The estate of a man killed by a hose dragging behind a Toledo Fire Department engine company in 2014, has filed a wrongful death lawsuit against the city.
Lonnie Holmes, 59, was struck by an attack hoseline being dragged behind a responding engine company on October 18, 2014. Holmes was riding his bike at the time he was struck. The hose also damaged several cars. Holmes died from his injuries several days later.
The suit filed in Lucas County Court of Common Pleas on April 1, 2016 claims that a safety device intended to prevent the hose from coming loose had been “intentionally removed”.
Here are the specific allegations:
- On and before October 18, 2014, the City of Toledo was the registered owner of a 2009 Peterbilt Fire Truck bearing Vehicle Identification No. 2NRHN8X69M770E43.
- That based upon information and belief, at the time of manufacture and delivery to Defendant City, of Toledo, said Fire Truck contained a safety device to secure the fire hoses and nozzles while the vehicle was in operation.
- That based upon information and belief, at some time before October 18, 2014, Defendant City of Toledo, acting by and through its employees, agents, and/ or servants, intentionally removed said safety device and did not replace it with a similar or sufficient alternative safety device.
- That despite the absence of the safety device, Defendant City of Toledo, acting by and through its employees, agents, and/or servants, intentionally permitted the Fire Truck to remain in service.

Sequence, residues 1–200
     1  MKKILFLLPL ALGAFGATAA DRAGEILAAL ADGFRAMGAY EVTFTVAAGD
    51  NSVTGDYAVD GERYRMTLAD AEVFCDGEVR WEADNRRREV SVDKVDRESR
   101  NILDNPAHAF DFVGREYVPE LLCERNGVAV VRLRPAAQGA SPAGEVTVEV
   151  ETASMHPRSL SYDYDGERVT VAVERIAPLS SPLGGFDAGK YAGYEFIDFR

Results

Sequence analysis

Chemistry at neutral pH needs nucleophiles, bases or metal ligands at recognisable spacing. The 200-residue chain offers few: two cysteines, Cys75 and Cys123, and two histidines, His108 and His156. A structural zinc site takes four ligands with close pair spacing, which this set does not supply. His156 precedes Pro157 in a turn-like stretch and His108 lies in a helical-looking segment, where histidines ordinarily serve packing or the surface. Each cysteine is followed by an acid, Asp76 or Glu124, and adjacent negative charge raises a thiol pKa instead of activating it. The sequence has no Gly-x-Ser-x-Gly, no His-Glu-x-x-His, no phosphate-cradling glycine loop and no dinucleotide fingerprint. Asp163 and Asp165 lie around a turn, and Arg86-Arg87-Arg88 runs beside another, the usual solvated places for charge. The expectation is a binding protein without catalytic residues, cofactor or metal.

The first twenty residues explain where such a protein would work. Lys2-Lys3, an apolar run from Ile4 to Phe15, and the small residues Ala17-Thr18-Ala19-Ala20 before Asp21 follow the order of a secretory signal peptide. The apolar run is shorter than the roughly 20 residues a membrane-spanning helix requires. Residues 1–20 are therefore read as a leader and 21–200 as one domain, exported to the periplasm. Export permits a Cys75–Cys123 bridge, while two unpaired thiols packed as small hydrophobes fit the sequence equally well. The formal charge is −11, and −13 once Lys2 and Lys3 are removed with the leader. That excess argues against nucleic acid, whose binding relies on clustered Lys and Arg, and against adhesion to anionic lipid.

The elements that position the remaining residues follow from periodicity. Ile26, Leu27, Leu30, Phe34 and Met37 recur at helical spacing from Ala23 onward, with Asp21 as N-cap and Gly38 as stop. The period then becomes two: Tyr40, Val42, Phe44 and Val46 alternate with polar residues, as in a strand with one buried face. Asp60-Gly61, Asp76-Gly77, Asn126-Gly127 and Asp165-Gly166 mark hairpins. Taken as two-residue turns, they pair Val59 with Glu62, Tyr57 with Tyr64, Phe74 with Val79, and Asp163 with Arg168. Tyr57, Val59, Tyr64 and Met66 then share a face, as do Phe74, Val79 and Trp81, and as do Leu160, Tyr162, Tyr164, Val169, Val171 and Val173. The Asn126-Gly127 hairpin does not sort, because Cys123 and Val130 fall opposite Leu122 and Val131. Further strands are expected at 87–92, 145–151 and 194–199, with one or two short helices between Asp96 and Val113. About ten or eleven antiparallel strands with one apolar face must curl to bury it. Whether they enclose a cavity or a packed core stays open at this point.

- That on October 18, 2014, said Fire Truck was responding to an emergency call.
- While in route to the emergency, a hose and nozzle came free from the Fire Truck, and proceeded to whip and bounce around behind the truck on Hawley Street in the City of Toledo.
- That on October 18, 2014, Plaintiffs decedent, Lonnie Holmes, was struck by the hose and/ or nozzle whipping around behind said Fire Truck on Hawley Street near the intersection of Hawley and Indiana, causing him injury and ultimately leading to his death on October 21, 2014.
- That Defendant City of Toledo’s intentional decision to remove the aforesaid safety device was made with malicious purpose, in bad faith and/ or in a wanton or reckless manner.
- That Defendant City of Toledo’s intentional decision to keep said Fire Truck in service without a proper safety device to secure the hose and nozzle was made with malicious purpose, in bad faith and/or in a wanton or reckless manner.
- That the operation of said Fire Truck on October 18, 2014 constitutes negligence, recklessness, and/or willful and wanton misconduct.
- That Defendant City of Toledo is vicariously liable for the actions and/ or omissions of its employees, agents and/or servants.
Here is a copy of the complaint: Holmes v Toledo
I happened to read a number of uninformed comments in social media regarding this case. A hose dislodging from a moving engine company is NOT a highly unusual occurrence. We have seen these kinds of accidents leading to deaths and serious injuries before. Here is a link to my previous storiesabout the problem in Revere, Massachusetts; Cambridge, Massachusetts; and Coraopolis, Pennsylvania. There are also plenty of near miss incidents documented on the National Near Miss Database.
Following the Coraopolis incident that killed a young girl, the NFPA mandated restraint devices on all new apparatus.